Whether to Strip Cabinet Doors

      After considering all the options and their various drawbacks, a cabinetmaker decides to buy new doors instead of stripping and refinishing a bad batch. December 29, 2008

I have 36 doors finished with MLC Magnaclaw primer, Amazing Glaze and satin Magnmax. These have to be stripped and refinished. What's the best stripper and procedure to use for this? I've used Jasco Premium Paint remover to do a couple, but this is slow go. Any suggestions would be helpful.

Forum Responses
(Finishing Forum)
From contributor K:
I don't know if your time is worth much to you, but I can build new doors for a customer cheaper than I can strip them. I don't know why you need to strip them, but always make a sample and get it approved before doing a whole set.

From the original qustioner:
Thanks. I always make samples, this job included. I wasn't happy with the overall outcome of the job so I made this call. The problem is they're outsourced, mitered corner doors that I have a lot of money tied up in. I'm sure you can see why I'd want to salvage them if I can. Do you have any suggestions on stripping them?

From contributor B:
The best and quickest way is to use a methelene chloride stripper like Dad's that you can find at HD or Lowes. Of course if you have a supply house like Wood Finishers around, they carry the stuff in 5s.Which is what you'll use. But the easiest way for you is to find a furniture stripper who has a stripping tank (not a vat for dunking) and let him do it. Of course he has a charge for that, so it's a matter of you doing it or him. But you may not have a stripper available in your area. Even after they're stripped you will have to sand them down again and the miters will be opened up more where you will have to putty them up... Been there,done that... laborious job.

From contributor K:
Contributor B made a good point too. They will never be as good as new ones. If I were selling this job to someone, I would spend the money and buy another set. Your reputation is worth more than the money. I am guessing 1500 bucks or so. Take one of the stripped ones that you did and do final finishing on it and see if it turns out well enough to sell. At least then you will know if you are going to be happy after all that work.

From the original questioner:
Okay, I quit! I will re-use a couple of the more expensive doors and the ones we've already stripped/sanded. The rest I ordered this afternoon. My hat's off to anyone who refinishes for a living. I can't imagine why anyone would do it.

As a side note: We tried the Dad's stripper and it worked better than any of the others we tried. It's a mess for sure, but it lifts the Magnamax pretty well. At best, it's still a pain! Thanks for all the input (and wisdom). Also, someone please slap me if I propose this again.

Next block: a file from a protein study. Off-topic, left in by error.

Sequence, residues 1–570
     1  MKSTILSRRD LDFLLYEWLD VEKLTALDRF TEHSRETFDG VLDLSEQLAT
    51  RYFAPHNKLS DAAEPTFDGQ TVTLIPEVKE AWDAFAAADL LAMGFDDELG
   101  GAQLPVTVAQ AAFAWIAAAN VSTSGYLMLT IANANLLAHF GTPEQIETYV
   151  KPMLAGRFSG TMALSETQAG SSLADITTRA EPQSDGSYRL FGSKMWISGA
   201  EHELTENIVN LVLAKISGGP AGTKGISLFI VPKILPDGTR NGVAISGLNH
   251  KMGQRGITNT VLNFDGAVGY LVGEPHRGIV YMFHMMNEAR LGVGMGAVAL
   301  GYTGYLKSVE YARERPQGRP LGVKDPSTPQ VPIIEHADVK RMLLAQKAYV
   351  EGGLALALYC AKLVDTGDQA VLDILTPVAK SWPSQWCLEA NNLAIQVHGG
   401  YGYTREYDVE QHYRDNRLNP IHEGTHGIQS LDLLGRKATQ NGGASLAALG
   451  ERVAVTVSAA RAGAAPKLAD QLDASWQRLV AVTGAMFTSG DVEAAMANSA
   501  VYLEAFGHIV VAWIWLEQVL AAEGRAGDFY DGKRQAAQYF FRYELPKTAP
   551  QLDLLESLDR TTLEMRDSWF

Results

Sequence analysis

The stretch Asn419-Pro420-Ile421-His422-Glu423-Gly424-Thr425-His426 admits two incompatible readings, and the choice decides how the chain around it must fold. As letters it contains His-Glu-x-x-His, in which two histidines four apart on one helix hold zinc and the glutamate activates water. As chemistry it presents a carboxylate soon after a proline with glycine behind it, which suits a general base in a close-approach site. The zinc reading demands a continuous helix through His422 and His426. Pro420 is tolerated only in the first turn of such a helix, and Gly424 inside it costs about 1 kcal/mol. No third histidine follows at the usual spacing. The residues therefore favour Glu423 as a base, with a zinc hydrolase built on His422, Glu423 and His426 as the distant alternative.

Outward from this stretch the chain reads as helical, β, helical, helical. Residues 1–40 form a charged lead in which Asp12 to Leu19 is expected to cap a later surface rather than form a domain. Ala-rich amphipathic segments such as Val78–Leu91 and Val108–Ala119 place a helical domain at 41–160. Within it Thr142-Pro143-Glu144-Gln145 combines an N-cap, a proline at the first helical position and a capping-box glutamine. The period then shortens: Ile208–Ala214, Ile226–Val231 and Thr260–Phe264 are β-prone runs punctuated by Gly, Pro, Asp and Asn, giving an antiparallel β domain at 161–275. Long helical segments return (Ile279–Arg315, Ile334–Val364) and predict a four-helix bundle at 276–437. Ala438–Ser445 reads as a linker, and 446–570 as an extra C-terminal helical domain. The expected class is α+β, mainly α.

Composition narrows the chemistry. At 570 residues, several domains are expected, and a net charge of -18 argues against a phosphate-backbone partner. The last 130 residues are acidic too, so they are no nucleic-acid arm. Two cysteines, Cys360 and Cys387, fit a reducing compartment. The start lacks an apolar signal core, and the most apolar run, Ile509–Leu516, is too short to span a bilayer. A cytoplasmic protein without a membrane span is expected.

From contributor P:
Why do you need to strip them? They are painted, right? And since they are painted I assume you are going to paint them again. Just scuff them up and repaint them. Other than that, I am assuming you don't deal with industrial suppliers. They sell a stripper that would burn your skin off. I build a small vat or square with 2x4's, put a plastic drop cloth in it, fill it with the liquid stripper, and place the doors in 1 or 2 at a time. Give it about 1 minute. Pull it out, wash it with steel wool and thinner, then another rinse with thinner and put it to the side to dry.

From contributor R:
A stripper that would burn your skin off but not melt a plastic drop cloth doesen't sound like an industrial product, now does it? A methelene chloride based stripper as mentioned is the way to go. Wear the proper gloves when using this type of product because it will melt the skin off your hands and also melt a plastic drop cloth.

From contributor N:
This entire post is very interesting to me, as I know of a lot of work that is avialable if I could strip efficently. I used methelene chloride (not from an industrial supplier) on a job that ate my lunch! Twice... I should be slapped! Contributor P, if you could share the name of your supplier, you have no idea how much that could help me! Thanks.

From contributor R:
I constructed a box from 3/4 melamine. Lots-o-screws and yellow glue. It weeped a little at first, but once the MDF swelled up a little, it was tight. Any company that sells stripper in a gallon form will sell it to you in a 5 gallon bucket or even a 55 gallon drum. I like the thin stuff because I can strain it and use it over and over again. Jasco is good, Greens is good, US Cellulose is good. A wash with lacquer thinner is good and so is a wash with acetone. I totally stay away from water based stuff because it can mess with the glue joints and the color of the wood, and it can also warp the heck out of wood. Metheline chloride is some nasty stuff, so wear a proper fitting respirator, a proper pair of gloves, and make sure you have plenty of fresh air.

From contributor D: